Anthropogenic activities and the problem of antibiotic resistance in Latin America: a water issue
Dominguez, Delfina C.
Chacón Jiménez, Luz María
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Antibiotics revolutionized modern medicine and have been an excellent tool to fight infections. However, their overuse and misuse in different human activities such as health care, food production and agriculture has resulted in a global antimicrobial resistance crisis. Some regions such as Latin America present a more complex scenario because of the lack of resources, systematic studies and legislation to control the use of antimicrobials, thus increasing the spread of antibiotic resistance. This review aims to summarize the state of environmental antibiotic resistance in Latin America, focusing on water resources. Three databases were searched to identify publications on antimicrobial resistance and anthropogenic activities in relation to natural and artificial water ecosystems. We found that antibiotic resistant bacteria, mainly against beta lactam antibiotics, have been reported in several Latin American countries, and that resistant bacteria as well as resistant genes can be isolated from a wide variety of aquatic environments, including drinking, surface, irrigation, sea and wastewater. It is urgent to establish policies and regulations for antibiotic use to prevent the increase of multi-drug resistant microorganisms in the environment.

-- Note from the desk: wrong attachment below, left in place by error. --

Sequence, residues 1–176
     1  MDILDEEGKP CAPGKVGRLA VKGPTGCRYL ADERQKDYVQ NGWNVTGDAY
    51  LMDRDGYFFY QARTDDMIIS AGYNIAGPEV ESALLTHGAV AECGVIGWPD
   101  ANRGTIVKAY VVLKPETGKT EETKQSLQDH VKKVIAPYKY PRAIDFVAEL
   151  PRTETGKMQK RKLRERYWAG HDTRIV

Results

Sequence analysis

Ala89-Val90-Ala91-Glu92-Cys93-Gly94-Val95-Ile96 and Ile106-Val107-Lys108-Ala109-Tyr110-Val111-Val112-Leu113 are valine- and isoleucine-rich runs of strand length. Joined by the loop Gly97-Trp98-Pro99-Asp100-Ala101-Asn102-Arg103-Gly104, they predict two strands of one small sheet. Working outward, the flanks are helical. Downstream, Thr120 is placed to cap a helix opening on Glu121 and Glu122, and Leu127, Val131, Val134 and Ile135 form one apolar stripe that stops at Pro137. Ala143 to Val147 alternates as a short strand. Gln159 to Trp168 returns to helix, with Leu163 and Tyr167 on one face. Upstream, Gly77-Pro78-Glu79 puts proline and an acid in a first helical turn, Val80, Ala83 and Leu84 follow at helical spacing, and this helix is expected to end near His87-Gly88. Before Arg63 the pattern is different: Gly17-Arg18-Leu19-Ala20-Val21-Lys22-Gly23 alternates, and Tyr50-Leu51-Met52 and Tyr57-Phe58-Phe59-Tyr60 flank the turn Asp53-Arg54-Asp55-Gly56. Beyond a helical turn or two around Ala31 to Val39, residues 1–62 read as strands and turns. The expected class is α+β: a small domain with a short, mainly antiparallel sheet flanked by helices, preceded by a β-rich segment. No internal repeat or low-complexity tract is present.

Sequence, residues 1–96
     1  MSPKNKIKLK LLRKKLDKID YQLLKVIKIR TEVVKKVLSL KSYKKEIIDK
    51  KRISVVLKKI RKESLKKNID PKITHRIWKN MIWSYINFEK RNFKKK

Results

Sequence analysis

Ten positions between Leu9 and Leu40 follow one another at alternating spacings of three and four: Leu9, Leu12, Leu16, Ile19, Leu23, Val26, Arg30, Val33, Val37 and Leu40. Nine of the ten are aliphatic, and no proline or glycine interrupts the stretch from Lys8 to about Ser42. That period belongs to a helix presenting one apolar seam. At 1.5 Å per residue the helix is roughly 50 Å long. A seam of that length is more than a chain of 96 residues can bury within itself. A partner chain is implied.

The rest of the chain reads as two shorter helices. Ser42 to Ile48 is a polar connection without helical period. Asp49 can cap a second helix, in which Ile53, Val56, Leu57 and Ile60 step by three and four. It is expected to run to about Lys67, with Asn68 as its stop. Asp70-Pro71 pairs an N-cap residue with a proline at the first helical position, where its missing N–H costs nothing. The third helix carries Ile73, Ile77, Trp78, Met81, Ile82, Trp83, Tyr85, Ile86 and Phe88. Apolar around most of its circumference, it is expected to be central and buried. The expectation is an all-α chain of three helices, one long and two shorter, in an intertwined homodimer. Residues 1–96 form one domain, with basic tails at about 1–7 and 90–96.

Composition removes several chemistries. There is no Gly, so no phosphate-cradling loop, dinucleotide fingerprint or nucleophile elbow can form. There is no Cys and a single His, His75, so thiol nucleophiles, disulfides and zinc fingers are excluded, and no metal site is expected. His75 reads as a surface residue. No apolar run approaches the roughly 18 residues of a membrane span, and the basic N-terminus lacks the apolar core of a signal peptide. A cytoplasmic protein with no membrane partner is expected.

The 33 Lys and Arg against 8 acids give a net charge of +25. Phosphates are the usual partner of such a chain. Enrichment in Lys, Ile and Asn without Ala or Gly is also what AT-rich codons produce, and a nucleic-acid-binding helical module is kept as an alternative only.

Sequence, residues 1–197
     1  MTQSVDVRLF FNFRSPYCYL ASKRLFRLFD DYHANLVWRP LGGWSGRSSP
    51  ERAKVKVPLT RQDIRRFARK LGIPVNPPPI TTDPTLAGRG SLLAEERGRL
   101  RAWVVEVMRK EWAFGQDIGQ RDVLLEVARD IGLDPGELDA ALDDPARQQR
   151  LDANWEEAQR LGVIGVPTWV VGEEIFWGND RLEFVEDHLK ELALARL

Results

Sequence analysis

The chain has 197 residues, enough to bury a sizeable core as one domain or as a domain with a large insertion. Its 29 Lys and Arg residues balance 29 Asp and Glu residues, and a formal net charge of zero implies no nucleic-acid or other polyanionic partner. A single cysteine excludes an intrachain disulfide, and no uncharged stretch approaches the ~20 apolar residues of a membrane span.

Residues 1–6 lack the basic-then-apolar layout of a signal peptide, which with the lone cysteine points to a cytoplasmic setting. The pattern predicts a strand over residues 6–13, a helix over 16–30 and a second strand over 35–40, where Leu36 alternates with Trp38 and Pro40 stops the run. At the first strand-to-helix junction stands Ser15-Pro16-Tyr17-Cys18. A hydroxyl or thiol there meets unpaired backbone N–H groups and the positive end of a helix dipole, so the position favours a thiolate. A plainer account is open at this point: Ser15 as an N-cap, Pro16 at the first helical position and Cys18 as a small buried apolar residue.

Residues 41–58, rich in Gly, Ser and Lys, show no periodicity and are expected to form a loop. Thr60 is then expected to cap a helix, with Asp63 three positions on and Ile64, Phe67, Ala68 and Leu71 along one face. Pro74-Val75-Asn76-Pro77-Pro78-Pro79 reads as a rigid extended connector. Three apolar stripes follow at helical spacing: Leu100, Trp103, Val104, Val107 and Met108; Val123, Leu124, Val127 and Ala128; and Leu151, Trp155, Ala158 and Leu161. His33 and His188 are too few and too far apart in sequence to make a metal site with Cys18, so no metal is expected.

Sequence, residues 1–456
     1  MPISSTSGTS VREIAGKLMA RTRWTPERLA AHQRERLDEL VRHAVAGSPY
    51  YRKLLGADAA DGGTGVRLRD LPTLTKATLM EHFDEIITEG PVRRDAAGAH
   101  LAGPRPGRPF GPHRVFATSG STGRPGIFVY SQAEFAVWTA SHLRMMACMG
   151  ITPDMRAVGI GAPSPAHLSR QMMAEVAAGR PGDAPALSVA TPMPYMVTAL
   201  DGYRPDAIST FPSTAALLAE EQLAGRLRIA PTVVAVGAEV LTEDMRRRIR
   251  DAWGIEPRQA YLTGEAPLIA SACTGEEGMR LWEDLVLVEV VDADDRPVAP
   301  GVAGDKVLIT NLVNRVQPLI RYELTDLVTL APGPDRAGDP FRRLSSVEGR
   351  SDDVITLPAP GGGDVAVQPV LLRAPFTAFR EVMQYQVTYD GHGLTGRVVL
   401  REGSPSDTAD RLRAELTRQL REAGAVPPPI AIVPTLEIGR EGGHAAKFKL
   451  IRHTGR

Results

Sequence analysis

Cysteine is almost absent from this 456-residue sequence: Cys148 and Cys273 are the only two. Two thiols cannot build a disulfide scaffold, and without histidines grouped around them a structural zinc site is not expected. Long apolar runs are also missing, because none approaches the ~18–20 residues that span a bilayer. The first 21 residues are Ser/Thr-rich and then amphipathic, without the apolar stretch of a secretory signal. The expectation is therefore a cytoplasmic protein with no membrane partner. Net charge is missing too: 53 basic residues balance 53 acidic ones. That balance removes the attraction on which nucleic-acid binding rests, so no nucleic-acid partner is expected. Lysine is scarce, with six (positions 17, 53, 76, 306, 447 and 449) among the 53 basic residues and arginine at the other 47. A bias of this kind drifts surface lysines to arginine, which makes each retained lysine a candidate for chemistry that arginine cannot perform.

External link to the item10.3390/ w13192693
- Microbiología